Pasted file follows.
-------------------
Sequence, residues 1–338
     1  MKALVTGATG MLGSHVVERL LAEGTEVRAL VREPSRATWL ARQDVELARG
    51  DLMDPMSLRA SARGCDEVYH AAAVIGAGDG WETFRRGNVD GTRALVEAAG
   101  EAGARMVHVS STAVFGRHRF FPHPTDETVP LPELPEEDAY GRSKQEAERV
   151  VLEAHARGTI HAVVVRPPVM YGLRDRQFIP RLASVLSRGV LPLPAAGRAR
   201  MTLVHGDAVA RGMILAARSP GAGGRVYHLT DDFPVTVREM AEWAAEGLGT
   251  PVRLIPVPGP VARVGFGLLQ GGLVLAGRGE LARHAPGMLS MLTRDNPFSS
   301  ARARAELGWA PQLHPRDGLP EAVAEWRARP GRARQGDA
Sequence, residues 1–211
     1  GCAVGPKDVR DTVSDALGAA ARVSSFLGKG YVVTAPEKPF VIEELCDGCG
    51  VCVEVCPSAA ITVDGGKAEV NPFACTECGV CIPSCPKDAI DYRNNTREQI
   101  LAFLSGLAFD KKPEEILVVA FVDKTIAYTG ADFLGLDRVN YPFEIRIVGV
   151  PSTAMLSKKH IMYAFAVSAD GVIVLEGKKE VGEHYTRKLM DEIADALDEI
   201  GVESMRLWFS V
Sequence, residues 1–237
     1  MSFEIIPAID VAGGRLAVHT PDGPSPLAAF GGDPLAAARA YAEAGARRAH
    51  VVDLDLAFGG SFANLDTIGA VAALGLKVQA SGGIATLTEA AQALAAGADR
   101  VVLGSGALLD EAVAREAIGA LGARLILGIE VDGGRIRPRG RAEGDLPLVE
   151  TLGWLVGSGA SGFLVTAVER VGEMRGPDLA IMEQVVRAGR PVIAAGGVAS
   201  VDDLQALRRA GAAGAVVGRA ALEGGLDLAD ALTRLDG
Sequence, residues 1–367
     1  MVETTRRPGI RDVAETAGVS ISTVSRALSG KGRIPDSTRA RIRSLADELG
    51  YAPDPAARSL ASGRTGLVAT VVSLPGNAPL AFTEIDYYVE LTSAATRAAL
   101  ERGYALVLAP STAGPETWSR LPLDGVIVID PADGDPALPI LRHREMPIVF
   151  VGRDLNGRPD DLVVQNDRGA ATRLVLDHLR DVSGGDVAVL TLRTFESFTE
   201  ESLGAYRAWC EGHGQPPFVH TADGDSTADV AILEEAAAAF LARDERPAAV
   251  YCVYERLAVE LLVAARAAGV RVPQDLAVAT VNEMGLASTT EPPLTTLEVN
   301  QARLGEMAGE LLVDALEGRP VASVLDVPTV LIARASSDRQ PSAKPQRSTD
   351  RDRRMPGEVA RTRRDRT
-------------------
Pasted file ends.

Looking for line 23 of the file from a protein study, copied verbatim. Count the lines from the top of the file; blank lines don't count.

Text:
    51  YAPDPAARSL ASGRTGLVAT VVSLPGNAPL AFTEIDYYVE LTSAATRAAL